Oral-B iO review: the toothbrush to buy if money is no option

Oral-B’s new high-end toothbrush has had an impressive re-design, but is it worth the hefty price tag?

Electric toothbrushes put people off for many reasons: overly powerful skull vibrations, safety concerns, the often high prices or reservations about whether they actually do anything at all.

Oral-B is aware of these perceptions, so, six years ago, they decided to try and re-design a toothbrush from the ground-up.

Equipped with a linear magnetic drive (similar to the ones used in Japanese ultra-smooth magnetic trains), a re-designed brush head (4,000 filaments at a 16 degree angle for removing bacterial biofilm) and a position sensor that communicates with your phone via bluetooth for an indication of where the brush is in your mouth, you’d be hard pressed to find a more tech-filled toothbrush.

But all of that tech comes at a cost – £499 RRP, to be exact.

The high price point will put many prospective buyers off, opting for a cheaper electric brush or even a manual, but for those that are willing to take the plunge, what do you get for your money?

The brushing experience is certainly impressive – the motor isn’t overly powerful, the force feels directed onto the tooth surface and by the end of a session, your teeth really do have that dentist-clean feel.

There are seven different modes on the brush (daily clean, sensitive, gum care, intense clean, whitening, super sensitive, tongue cleaner), which may seem like a lot, but comes in handy when you have a sore spot or are feeling a little fragile.

However, the brush head is on the larger side, making it difficult to reach right to the back of your teeth, while the design of the toothbrush can lead to toothpaste running down your hand while cleaning – a less than ideal brushing experience.

Oral-B suggests replacing the brush head around every three months. But at a cost of about £13.50 per head, it can quickly make you resent the money spent on the pointless colour display.

It’s designed to work with the iO app, which tracks your brush’s progress around the mouth. While it’s fun to see your teeth cleaned in real-time, the tracking can become disorientated – as we used the toothbrush, it lost track of its position several times.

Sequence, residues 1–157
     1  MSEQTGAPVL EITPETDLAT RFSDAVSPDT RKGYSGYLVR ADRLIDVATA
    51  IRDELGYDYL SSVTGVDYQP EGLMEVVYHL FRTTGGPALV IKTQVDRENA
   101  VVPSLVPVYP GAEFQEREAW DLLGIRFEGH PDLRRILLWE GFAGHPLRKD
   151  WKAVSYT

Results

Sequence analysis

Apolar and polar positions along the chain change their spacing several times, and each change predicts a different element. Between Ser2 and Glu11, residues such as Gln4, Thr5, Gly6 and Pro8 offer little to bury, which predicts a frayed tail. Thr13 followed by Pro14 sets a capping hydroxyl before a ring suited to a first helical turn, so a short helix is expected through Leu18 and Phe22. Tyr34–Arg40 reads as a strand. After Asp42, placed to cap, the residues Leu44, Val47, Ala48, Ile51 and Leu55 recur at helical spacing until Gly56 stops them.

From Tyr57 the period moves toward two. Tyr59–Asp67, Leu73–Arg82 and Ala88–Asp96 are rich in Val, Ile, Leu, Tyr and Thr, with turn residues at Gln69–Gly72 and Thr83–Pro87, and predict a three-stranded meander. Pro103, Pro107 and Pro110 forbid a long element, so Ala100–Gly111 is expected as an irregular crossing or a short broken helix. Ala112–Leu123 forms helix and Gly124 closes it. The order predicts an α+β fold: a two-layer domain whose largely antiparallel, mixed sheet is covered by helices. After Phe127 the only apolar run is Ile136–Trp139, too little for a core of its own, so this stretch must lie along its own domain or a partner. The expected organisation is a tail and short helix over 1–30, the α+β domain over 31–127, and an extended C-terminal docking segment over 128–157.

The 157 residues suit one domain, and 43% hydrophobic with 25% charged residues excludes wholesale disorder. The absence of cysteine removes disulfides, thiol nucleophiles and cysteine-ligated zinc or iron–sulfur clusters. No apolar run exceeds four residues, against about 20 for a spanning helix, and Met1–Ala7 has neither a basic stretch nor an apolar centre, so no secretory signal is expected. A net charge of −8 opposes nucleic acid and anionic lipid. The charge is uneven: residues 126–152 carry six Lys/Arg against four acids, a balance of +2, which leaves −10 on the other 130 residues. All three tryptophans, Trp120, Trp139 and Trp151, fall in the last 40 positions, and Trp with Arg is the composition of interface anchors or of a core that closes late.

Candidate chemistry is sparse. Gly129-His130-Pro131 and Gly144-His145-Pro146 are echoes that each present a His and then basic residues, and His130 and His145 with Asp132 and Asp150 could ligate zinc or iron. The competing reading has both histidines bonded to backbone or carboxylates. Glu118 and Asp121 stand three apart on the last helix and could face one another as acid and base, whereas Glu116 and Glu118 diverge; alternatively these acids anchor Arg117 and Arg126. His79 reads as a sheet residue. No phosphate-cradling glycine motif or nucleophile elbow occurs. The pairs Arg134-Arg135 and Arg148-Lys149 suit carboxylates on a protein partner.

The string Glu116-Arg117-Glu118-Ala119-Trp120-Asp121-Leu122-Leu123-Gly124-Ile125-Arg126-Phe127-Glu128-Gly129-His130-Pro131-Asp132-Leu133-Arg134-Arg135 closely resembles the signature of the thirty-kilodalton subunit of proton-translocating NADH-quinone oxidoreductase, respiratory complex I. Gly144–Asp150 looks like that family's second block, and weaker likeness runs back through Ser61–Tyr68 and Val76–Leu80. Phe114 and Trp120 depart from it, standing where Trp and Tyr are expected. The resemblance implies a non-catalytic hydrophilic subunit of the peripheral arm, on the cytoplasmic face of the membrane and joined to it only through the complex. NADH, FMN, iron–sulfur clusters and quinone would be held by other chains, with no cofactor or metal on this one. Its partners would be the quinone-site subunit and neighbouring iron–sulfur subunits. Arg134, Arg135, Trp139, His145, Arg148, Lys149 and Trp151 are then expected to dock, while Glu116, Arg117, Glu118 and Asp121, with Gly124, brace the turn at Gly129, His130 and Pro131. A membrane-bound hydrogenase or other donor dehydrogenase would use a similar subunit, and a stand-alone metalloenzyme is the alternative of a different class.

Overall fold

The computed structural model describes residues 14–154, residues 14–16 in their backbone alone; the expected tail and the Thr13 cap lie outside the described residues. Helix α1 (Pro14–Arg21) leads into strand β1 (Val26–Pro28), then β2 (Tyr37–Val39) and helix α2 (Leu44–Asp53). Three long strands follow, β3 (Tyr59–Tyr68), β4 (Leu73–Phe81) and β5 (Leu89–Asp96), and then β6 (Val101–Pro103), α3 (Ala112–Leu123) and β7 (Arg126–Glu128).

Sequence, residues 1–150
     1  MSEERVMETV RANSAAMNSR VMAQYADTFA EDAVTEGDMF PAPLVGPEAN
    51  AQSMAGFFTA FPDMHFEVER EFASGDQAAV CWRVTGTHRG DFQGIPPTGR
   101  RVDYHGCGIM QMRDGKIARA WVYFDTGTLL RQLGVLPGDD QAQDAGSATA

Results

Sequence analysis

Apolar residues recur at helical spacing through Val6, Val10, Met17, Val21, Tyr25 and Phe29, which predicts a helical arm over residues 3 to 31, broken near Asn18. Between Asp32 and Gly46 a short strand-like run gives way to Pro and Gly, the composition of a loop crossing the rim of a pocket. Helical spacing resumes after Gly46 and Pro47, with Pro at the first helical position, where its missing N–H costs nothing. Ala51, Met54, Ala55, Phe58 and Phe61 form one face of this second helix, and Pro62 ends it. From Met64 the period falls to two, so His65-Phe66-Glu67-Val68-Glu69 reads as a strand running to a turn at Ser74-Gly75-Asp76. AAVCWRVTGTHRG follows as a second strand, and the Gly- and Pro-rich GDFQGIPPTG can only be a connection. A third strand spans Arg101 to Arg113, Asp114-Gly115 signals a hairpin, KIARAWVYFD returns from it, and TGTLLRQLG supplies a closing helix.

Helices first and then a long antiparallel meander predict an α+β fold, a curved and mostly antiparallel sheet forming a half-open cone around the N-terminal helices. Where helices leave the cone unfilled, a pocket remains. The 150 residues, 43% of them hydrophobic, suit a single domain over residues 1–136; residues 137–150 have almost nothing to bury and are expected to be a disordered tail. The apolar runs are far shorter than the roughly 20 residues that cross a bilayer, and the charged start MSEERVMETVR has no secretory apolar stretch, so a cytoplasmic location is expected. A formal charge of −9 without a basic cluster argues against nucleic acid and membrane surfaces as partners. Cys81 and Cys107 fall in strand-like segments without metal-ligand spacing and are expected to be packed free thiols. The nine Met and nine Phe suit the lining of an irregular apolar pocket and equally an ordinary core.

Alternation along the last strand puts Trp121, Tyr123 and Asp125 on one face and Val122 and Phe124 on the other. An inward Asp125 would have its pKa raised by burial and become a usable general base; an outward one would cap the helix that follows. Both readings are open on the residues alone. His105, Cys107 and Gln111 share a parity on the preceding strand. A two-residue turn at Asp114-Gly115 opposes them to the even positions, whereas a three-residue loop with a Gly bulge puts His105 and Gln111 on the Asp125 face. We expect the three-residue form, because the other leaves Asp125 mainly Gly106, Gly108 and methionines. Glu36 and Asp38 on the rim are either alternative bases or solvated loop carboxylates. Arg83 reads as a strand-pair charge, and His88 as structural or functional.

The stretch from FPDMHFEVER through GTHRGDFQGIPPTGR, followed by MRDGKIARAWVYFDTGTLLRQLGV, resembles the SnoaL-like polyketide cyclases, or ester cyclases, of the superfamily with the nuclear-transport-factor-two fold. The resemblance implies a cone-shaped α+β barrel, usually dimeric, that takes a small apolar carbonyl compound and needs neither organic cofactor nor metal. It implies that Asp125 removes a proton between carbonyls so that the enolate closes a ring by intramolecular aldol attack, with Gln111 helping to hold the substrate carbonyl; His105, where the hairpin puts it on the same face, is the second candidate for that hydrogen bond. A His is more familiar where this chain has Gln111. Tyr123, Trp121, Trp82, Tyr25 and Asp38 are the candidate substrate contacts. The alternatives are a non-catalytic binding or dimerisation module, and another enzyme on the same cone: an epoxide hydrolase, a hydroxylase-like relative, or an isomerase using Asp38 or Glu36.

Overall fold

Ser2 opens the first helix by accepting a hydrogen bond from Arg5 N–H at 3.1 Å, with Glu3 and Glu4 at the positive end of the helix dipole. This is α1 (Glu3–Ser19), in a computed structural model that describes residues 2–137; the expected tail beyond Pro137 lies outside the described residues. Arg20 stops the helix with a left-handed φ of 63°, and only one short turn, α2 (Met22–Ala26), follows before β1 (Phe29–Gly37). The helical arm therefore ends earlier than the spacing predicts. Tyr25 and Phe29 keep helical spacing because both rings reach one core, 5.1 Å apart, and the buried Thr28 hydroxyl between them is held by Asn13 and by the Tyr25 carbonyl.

This, frustratingly, meant that we couldn’t finish our clean under the recommended two minute cleaning time. Feeling anger towards your AI-toothbrush is a very 2020 experience.

Once you’re finished with a brushing session, your performance is given a ‘score’ and saved to your phone, letting you graph your brushing skills over time. As well as individual session scores, the app has a host of trophies you can win for consistently remembering things like brushing your tongue or flossing.

Oral-B hope this gamification will lead to more consistent brushing routines – but it’s down to the type of person you are as to whether you’ll find this gimmicky and annoying or genuinely helpful.

Or, if you’re lazy like us, or tired, or hungover, or leave your phone lying downstairs, you’ll forgo the app altogether and use it as a regular toothbrush – which sort of defeats the point of spending so much on a toothbrush in the first place.

Oral-B claims the brush will give you 100% better gums within a week – though we found this a little hard to verify, we certainly noticed an improvement on cleanliness of your bog-standard manual brush.

Away from the digital side of things, the brush does have a premium feel. It sits nicely in the hand and feels well made. The long lasting and fast-charging battery, with sleek charging travel case, are nice touches.

But even with a premium and novel cleaning experience, it’s hard to see past that precipitous price tag, even for the most devoted of dental hygiene lovers. If money is no option, and you’re after the best clean possible, then by all means (it might even save you expensive dental work in the long run), but if you’re content with good enough, then another electric brush would probably suit you equally well.

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